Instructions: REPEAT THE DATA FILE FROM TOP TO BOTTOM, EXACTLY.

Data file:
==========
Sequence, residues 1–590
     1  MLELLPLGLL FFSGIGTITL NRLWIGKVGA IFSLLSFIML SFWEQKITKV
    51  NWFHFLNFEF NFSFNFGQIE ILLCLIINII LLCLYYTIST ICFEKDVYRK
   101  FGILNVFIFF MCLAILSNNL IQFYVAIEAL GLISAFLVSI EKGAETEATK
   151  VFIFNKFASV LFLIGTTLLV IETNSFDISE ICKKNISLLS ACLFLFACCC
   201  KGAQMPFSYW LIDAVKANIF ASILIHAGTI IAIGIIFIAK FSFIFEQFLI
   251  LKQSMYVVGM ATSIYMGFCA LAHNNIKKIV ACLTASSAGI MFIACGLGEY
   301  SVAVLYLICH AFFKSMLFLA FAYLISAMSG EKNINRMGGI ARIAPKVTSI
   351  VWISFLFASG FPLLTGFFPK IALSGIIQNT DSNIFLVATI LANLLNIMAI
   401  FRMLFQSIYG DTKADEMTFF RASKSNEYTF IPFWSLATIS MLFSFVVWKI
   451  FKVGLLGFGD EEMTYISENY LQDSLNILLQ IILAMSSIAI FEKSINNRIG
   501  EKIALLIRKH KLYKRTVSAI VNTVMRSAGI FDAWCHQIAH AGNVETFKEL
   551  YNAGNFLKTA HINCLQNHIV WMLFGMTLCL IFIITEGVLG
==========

Sequence, residues 1–590
     1  MLELLPLGLL FFSGIGTITL NRLWIGKVGA IFSLLSFIML SFWEQKITKV
    51  NWFHFLNFEF NFSFNFGQIE ILLCLIINII LLCLYYTIST ICFEKDVYRK
   101  FGILNVFIFF MCLAILSNNL IQFYVAIEAL GLISAFLVSI EKGAETEATK
   151  VFIFNKFASV LFLIGTTLLV IETNSFDISE ICKKNISLLS ACLFLFACCC
   201  KGAQMPFSYW LIDAVKANIF ASILIHAGTI IAIGIIFIAK FSFIFEQFLI
   251  LKQSMYVVGM ATSIYMGFCA LAHNNIKKIV ACLTASSAGI MFIACGLGEY
   301  SVAVLYLICH AFFKSMLFLA FAYLISAMSG EKNINRMGGI ARIAPKVTSI
   351  VWISFLFASG FPLLTGFFPK IALSGIIQNT DSNIFLVATI LANLLNIMAI
   401  FRMLFQSIYG DTKADEMTFF RASKSNEYTF IPFWSLATIS MLFSFVVWKI
   451  FKVGLLGFGD EEMTYISENY LQDSLNILLQ IILAMSSIAI FEKSINNRIG
   501  EKIALLIRKH KLYKRTVSAI VNTVMRSAGI FDAWCHQIAH AGNVETFKEL
   551  YNAGNFLKTA HINCLQNHIV WMLFGMTLCL IFIITEGVLG